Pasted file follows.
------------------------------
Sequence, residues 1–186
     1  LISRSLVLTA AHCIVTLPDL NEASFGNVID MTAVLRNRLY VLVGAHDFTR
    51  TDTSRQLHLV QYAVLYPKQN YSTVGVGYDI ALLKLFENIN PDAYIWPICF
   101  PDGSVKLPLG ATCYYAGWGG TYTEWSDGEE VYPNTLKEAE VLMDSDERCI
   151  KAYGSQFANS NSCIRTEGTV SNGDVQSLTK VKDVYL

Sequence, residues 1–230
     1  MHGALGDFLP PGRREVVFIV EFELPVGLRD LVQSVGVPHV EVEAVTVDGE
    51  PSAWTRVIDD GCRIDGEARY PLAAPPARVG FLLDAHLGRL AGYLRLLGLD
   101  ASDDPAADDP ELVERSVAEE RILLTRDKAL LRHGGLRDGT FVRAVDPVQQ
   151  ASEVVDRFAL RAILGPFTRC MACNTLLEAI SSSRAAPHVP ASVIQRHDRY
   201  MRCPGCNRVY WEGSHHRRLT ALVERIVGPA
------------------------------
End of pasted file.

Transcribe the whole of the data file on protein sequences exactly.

Sequence, residues 1–186
     1  LISRSLVLTA AHCIVTLPDL NEASFGNVID MTAVLRNRLY VLVGAHDFTR
    51  TDTSRQLHLV QYAVLYPKQN YSTVGVGYDI ALLKLFENIN PDAYIWPICF
   101  PDGSVKLPLG ATCYYAGWGG TYTEWSDGEE VYPNTLKEAE VLMDSDERCI
   151  KAYGSQFANS NSCIRTEGTV SNGDVQSLTK VKDVYL

Sequence, residues 1–230
     1  MHGALGDFLP PGRREVVFIV EFELPVGLRD LVQSVGVPHV EVEAVTVDGE
    51  PSAWTRVIDD GCRIDGEARY PLAAPPARVG FLLDAHLGRL AGYLRLLGLD
   101  ASDDPAADDP ELVERSVAEE RILLTRDKAL LRHGGLRDGT FVRAVDPVQQ
   151  ASEVVDRFAL RAILGPFTRC MACNTLLEAI SSSRAAPHVP ASVIQRHDRY
   201  MRCPGCNRVY WEGSHHRRLT ALVERIVGPA